Friday, 19 March 2010

American Chad Campbell raced to the top of the leaderboard with a five under par 67 in the second round of the 70th Masters Tournament as David Howell of England and the Irish pair of Darren Clarke and Padraig Harrington drew inspiration from their stunning surroundings at Augusta National to lodge their claims for a coveted Green Jacket.

Four strokes off the pace overnight, 31 year old Campbell mixed six birdies with a solitary bogey at the 17th to finish on 138, six under par, just four strokes ahead of Clarke and Howell and five in front of Harrington, whose performance qualifies as a live contender for Comeback of the Week.


Harrington appeared in desperate straits when he stood five over par after seven holes of the first round, but rallied to finish with a commendable 73, followed by an even better second round of 70 for a total of 143.


Clarke, meanwhile, insisted he was still in holiday mode following a relaxing family holiday in the Bahamas prior to his arrival in Augusta. That carefree attitude proved the catalyst behind a second round of 70 for 142 which leaves him alongside his Ryder Cup colleague Howell in a tie for fifth place alongside Major Champions Ernie Els (71, 71) and Phil Mickelson (70, 72) and South African Tim Clark. 


A wonderful nine iron approach from 152 yards came to rest just two feet from the hole at the last, allowing Clarke the luxury of a simple tap in for a closing birdie. He emerged tanned and smiling after signing for a 70 and laughed: “Maybe it’s got something to do with last week in the Bahamas. Sometimes when you go away completely and not touch the clubs, it brings back what it really important – and golf ain’t that important.”


Clarke was referring to his wife’s illness, which has given him a new sense of perspective. He added: “There are a lot of people who want to win this a lot more than I do. I would love to do it, but it really isn’t that important.”


Howell, tied 11th on his Masters debut last year, goes into the weekend among the leaders once again. He was fourth and paired with defending Champion Tiger Woods on Saturday in 2005 but believes he is mentally stronger this time around.


"I am not swinging the club as well as I was last year, but mentally I am better another 12 months down the line. I am ranked higher than in 2005 and won a couple of times. I've handled some pressurised situations in the last year."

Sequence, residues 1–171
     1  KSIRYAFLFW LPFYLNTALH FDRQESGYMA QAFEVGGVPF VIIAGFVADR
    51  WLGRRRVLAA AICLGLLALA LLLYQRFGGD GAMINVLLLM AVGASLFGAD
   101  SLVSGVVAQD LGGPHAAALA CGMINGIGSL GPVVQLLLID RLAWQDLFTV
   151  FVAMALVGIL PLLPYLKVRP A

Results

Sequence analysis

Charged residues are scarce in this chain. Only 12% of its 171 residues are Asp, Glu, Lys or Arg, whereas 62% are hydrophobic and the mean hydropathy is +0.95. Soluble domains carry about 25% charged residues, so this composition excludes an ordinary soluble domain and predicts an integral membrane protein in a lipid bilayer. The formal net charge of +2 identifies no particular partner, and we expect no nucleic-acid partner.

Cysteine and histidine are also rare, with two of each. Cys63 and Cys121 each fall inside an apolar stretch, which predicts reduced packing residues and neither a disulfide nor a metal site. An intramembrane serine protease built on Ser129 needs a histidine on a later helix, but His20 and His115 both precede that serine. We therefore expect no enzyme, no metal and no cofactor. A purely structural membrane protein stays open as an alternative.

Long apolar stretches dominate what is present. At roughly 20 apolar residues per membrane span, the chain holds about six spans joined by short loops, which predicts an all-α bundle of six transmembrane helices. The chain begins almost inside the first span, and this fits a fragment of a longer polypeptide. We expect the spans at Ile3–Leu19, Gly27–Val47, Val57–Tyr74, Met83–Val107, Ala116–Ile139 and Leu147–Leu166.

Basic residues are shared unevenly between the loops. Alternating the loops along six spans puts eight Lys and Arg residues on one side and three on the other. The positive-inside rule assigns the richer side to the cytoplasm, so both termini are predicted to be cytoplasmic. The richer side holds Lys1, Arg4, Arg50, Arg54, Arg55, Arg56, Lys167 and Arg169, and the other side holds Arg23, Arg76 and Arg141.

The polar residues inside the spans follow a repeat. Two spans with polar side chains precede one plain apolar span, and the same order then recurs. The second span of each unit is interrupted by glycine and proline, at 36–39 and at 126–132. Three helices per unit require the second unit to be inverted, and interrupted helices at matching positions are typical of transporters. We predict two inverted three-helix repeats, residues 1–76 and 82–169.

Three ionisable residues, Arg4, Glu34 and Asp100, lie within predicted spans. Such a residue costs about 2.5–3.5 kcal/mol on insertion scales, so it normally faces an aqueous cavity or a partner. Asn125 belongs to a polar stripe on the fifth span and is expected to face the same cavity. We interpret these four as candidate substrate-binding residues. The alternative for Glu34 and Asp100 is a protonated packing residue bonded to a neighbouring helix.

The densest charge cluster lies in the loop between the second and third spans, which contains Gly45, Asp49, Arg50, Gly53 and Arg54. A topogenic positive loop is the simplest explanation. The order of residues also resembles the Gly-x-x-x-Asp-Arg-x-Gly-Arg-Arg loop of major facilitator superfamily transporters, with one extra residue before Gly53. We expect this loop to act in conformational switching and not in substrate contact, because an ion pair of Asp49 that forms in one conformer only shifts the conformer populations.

Howell finished strongly with a 12 foot birdie putt for a second successive 71, while Harrington also conjured up a marvellous shot at the last, firing a wedge from 134 yards to six feet and making the birdie putt to match Clarke’s 70. The Dubliner admitted: “I am swinging the club better than at any time this year. After seven holes yesterday I was starting to lose patience, but maybe I was being too defensive.


“I lost that defensiveness and started taking on shots with a view to making birdies rather than plod along with pars. If I can keep that same attitude for the next two days and be a little more aggressive, I’ll be happy.”


England's Luke Donald, who finished tied fourth last year, looked poised to join Clarke, Howell and Harrington in red figures on the scoreboard after holing a bunker shot at the tenth. However, as he sized up a possible birdie on the 15th with a five iron in his hand, Donald proceeded to misjudge his approach and finished with a bogey six followed by a three putt five at the 17th.


He closed with a testing par putt for a round of 72 and two over par total of 146 and said: "It was an important putt on the last. If I had missed that I would have felt robbed. I thought I played better than 72 but it's a fine line here between bogey and birdie."


Woods, chasing a fifth Green Jacket, tagged a 71 onto his opening 72 for a one under par total as a total of 47 players made the cut for the weekend. Among the list of casualties were past winners Nick Faldo, Bernhard Langer, Sandy Lyle and Ian Woosnam, while Colin Montgomerie also bowed out on five over par, the same mark as Woosnam.


It seemed that the ten shot rule, which allows all players within ten strokes of the leader to make the cut, might save Montgomerie and Woosnam. However tournament leader Campbell birdied the last for six under par, letting in all the fouor over pars but eliminating the five overs.


Campbell goes into the weekend leading by three shots from Americans Fred Couples (70) and Rocco Mediate (67) and Fiji's Vijay Singh, whose 74 contained five birdies but, most untypically, back to back double bogeys at the fourth and fifth when he seemed poised to take control of the tournament.

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